I have an essay task where i must write about algernon being witty and subversive but i need examples, please can someone help me out with some examples!!
Algernon is comic because he is witty and subversive?
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Throughout the play Algernon subverts social norms, while concealing his subversion by adhering to social convention (which is the definition of Bunburying). When he says "if the lower orders don't set us a good example, what on earth is the use of them" he is subverting the Victorian ideal that the upper classes should set good examples to the lower, in terms of charity, manners and decorum. It also reflects Algernon's defiance of social convention by attaching value to the behaviour of a member of the serving classes. This is also an example of irony. Other examples of this:
"The amount of women who flirt with their own husbands is perfectly scandalous" projecting the idea that women should flirt with men other than their husbands is a direct attack on marriage, coupled with "is marriage so demoralizing as that?". This is another attack on a stable convention of Victorian society and may also reflect some of Wilde's own beliefs on marriage. He further develops the idea by parodying the cliché "washing one's dirty linen in public" into "simply washing one's clean linen in public" By switching "dirty" for "clean" Wilde creates a metaphor that says exactly the opposite of its original intention, but is instantly recognisable. This is also an example of his whit.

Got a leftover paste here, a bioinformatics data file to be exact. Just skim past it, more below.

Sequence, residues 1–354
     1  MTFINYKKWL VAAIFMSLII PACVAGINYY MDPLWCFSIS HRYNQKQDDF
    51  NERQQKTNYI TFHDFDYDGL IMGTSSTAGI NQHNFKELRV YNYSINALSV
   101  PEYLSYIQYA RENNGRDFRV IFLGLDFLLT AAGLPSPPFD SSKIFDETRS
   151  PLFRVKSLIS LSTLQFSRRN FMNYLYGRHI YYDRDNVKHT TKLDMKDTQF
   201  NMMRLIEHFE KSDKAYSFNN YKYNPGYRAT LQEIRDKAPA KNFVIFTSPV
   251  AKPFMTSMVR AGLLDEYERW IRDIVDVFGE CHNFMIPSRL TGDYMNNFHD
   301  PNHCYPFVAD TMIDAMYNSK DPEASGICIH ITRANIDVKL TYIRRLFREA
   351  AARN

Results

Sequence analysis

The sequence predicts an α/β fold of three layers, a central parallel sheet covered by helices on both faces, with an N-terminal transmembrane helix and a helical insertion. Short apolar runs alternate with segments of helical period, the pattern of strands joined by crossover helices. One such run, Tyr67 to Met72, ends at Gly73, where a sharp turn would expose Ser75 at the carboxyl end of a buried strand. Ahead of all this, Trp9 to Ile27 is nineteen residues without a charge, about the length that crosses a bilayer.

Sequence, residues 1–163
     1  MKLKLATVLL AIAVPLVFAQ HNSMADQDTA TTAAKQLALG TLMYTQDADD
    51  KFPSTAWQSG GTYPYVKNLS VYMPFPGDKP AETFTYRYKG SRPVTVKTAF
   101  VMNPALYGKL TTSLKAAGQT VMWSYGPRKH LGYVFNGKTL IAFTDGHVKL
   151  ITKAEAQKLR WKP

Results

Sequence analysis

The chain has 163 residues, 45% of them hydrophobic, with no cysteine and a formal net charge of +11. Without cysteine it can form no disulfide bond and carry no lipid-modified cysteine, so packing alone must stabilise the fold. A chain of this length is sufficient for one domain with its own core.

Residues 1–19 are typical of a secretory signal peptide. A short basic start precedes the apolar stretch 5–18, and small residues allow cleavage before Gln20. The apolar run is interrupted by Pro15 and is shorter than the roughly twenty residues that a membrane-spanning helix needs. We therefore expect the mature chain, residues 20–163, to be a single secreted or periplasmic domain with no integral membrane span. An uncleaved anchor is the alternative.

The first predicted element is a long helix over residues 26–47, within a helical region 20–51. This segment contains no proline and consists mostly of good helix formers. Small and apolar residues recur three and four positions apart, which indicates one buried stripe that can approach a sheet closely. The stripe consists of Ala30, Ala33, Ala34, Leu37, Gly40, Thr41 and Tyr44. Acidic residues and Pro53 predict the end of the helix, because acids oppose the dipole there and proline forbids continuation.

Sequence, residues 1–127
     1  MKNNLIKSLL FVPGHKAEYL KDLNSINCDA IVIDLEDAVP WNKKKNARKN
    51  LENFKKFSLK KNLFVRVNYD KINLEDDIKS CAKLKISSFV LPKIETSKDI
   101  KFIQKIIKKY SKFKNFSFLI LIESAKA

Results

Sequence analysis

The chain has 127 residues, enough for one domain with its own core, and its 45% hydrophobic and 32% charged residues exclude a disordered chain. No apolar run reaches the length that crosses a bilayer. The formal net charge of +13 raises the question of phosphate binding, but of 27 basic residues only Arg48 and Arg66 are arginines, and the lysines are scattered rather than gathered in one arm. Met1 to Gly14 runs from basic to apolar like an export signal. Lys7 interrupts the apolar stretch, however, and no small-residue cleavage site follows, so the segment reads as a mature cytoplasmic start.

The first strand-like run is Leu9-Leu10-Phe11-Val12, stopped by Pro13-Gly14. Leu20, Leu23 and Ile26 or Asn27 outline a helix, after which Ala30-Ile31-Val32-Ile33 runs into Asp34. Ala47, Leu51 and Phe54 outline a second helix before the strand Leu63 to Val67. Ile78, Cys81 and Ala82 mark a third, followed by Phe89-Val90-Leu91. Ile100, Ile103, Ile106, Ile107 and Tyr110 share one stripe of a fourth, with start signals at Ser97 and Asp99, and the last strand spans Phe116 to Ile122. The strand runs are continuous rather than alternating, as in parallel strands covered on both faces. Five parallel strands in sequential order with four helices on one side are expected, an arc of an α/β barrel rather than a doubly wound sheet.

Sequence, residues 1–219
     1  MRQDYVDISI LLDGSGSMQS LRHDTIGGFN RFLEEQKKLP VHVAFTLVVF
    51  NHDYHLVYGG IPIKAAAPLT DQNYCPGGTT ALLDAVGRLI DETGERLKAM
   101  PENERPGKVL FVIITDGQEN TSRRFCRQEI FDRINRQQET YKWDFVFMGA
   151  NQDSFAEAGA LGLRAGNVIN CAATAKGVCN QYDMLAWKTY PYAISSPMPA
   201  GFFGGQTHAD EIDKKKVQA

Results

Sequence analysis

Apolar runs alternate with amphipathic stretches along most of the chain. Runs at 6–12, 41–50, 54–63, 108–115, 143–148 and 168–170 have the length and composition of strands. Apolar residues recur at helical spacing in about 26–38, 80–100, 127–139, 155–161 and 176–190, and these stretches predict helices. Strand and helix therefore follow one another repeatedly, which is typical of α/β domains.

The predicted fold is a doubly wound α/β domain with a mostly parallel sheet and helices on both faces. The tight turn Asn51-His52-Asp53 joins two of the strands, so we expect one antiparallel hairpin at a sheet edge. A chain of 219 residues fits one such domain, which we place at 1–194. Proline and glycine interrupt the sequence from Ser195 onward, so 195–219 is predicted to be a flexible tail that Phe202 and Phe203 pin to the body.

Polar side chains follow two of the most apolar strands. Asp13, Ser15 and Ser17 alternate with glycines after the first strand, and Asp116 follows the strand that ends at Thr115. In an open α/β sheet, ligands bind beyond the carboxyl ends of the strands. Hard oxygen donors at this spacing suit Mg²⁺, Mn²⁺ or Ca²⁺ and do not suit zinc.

Algernon's response to Aunt Augusta when she asks "I hope you're behaving well - Algernon - "I'm feeling very well" showing his whit and desire to mislead his aunt. This one being so blatant that she catches on quickly.
"My dear boy I love hearing my relations abused" - Again an attack on the Victorian values of family (subversive).